This will not and cannot happen. The property maintenance code, in every iteration, had never allowed for C.E.O’s to enter your residence without permission. This code, like every other maintenance code in the United States (as most cities have one), preserves and respects the constitutional rights of the citizens of Jonesboro. The “Right to Entry” clause included in this code is a carbon copy of six other building codes in Jonesboro. No citizen has ever had their property rights compromised. And think about it- in order for a search warrant to even be issued for an inspection, there has to be a complaint about the interior of the property. In order for this complaint to even be considered, it has to come from somebody who lives inside the house. In short, you would have to complain about the interior of your own residence to even obtain notice by Code Enforcement.

Why Include the Interior:

This heralds back to my personal interest: the health and safety of tenants/residents. In a recent study out of UAMS College of Public Health it was noted that 32 of every 100 tenants had legitimate maintenance complaints to their landlords. Of those 32 legitimate complaints, half were addressed. This tells me two things. The first is not every landlord is terrible. I can’t stress that enough. Passing this code isn’t saying landlords are slumlords and terrible people. Look at those numbers- 68% of landlords had everything up to code and another 16% tried to address problems to the best of their abilities. 84% are doing their job and handling their responsibilities. But that 16% is a number that needs to be reduced because while I refer to “tenants” throughout this post, I am talking about people. Living, breathing, human beings who are relying on having a home that doesn’t impose unnecessary implications of harm.

What if I Can’t Afford the Repairs?

A new organization “Build Up Jonesboro!” is in place to help those who find the repairs unaffordable. As a 501(c)3, this organization will work with neighborhood associations, churches, other associations, and the city to try to coordinate assistance and provide funds to residents.

If landlords find repairs to be unaffordable or impossible, it may be necessary for them to consider selling their properties. I know that is a difficult decision, but let me expound upon something: landlords have responsibilities. Part of those responsibilities are to understand that if properties are used to create revenue like a business, they will be treated like a business. Buying any type of property and renting it is always a gamble- sometimes it pays off, sometimes it doesn’t. But if it doesn’t and you can’t afford to do it anymore, you shouldn’t put others at risk by not admitting that. Constantly I hear about how younger generations have no sense of responsibility and look for easy ways out, but that same rhetoric applies to wanting to keep an uninhabitable property and cut corners in responsibilities of the landlord.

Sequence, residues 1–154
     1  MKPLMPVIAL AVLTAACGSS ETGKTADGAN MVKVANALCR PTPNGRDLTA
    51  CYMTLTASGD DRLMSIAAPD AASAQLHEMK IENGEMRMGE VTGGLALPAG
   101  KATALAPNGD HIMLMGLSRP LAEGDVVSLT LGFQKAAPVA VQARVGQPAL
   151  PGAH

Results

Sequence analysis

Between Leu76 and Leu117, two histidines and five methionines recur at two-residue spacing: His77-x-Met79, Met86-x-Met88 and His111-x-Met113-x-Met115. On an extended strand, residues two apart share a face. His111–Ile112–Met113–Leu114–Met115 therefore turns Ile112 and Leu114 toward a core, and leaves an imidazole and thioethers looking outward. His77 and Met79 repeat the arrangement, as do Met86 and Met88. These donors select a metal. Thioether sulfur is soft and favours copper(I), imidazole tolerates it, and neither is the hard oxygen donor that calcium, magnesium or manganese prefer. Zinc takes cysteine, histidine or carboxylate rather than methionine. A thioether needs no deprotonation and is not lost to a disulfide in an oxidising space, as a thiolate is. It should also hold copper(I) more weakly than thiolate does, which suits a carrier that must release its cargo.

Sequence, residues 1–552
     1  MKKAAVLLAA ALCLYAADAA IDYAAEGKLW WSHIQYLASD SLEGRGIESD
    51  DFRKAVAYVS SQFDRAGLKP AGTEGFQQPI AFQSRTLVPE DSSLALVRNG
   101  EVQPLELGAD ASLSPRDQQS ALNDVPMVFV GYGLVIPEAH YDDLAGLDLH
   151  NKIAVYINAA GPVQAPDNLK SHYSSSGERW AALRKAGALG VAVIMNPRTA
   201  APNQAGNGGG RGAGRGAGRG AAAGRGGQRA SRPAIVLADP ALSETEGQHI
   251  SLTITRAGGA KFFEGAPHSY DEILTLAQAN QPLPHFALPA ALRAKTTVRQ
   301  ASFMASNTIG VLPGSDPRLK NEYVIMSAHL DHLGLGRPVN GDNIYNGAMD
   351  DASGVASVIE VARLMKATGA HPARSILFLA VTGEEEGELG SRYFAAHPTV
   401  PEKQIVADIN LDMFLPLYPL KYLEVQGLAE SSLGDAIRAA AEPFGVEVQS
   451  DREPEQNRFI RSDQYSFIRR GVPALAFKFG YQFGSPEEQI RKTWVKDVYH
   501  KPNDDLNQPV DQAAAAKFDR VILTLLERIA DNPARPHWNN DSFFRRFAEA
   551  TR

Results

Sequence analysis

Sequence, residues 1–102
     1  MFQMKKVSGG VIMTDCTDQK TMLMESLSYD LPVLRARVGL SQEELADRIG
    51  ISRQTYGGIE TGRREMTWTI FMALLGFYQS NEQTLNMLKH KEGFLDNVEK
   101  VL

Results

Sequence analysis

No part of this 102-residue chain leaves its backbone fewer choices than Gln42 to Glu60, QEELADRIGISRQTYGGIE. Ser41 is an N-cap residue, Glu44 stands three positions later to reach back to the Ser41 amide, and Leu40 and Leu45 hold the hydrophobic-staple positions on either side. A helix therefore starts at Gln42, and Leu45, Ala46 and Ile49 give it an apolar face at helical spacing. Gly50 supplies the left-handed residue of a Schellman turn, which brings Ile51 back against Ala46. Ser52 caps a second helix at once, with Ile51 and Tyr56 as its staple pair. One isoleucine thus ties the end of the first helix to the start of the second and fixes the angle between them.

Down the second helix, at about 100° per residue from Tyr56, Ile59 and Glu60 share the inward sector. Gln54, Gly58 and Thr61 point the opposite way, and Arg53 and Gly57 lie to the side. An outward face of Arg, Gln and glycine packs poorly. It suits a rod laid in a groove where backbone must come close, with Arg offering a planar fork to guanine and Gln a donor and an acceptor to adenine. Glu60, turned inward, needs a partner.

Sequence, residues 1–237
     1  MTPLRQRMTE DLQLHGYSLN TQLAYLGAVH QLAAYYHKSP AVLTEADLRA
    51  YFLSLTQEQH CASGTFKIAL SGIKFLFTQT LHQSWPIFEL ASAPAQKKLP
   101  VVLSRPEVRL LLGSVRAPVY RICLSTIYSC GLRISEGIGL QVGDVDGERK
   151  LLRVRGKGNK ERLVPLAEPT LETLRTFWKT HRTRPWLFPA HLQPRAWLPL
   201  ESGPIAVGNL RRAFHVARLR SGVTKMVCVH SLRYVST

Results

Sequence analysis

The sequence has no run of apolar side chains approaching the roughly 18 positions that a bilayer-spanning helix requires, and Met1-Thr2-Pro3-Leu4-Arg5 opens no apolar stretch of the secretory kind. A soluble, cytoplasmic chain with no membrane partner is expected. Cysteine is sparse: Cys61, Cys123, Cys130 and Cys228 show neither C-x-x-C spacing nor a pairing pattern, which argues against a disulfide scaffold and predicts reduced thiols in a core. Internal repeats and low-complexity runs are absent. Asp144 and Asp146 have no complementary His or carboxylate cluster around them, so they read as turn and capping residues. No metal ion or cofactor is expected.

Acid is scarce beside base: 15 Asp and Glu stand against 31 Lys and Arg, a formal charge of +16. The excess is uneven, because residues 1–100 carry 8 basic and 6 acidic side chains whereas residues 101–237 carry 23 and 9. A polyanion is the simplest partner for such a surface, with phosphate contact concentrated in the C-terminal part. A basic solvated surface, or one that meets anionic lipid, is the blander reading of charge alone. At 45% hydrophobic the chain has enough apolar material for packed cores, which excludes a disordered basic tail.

If you find that you can no longer sustain your rental properties, you aren’t alone either. There are several resources that you can reach out to for assistance in not only making this decision, but transitioning as well. This code isn’t about barging in homes and taking land- there are absolutely no provisions for that. It is about making places safe for people to live.

I Don’t Rent, Why Should I Care?

Right away I could say that you should care because the community of Jonesboro should strive to care for one another. But I do acknowledge that it could be hard to care for others when you feel your rights are being neglected, which is in part why I wrote this post. I want others to understand that this is not in place to infringe on privacy rights- there are no provisions to do that. No one will come into your home uninvited, no one will tell you your house has to be a certain color, and no one will stealthily scope out your home looking for a possible infraction. Not only does this code provide for non-renters by ensuring increased property value due to external maintenance, but it also stimulates economic gains for all by encouraging new industries to move into the city.


I said at the beginning of all this that different priorities are okay and that is still true. But in a city whose seal promotes “People-Pride-Progress”, it is time to prioritize people and progress to ensure pride in our city.

jonesboro seal

For more information, please feel free to reach out at:

Citizens for a Better Jonesboro:;


or, feel free to attend a city council meeting if you are available or read the agenda and minutes on Jonesboro’s city website.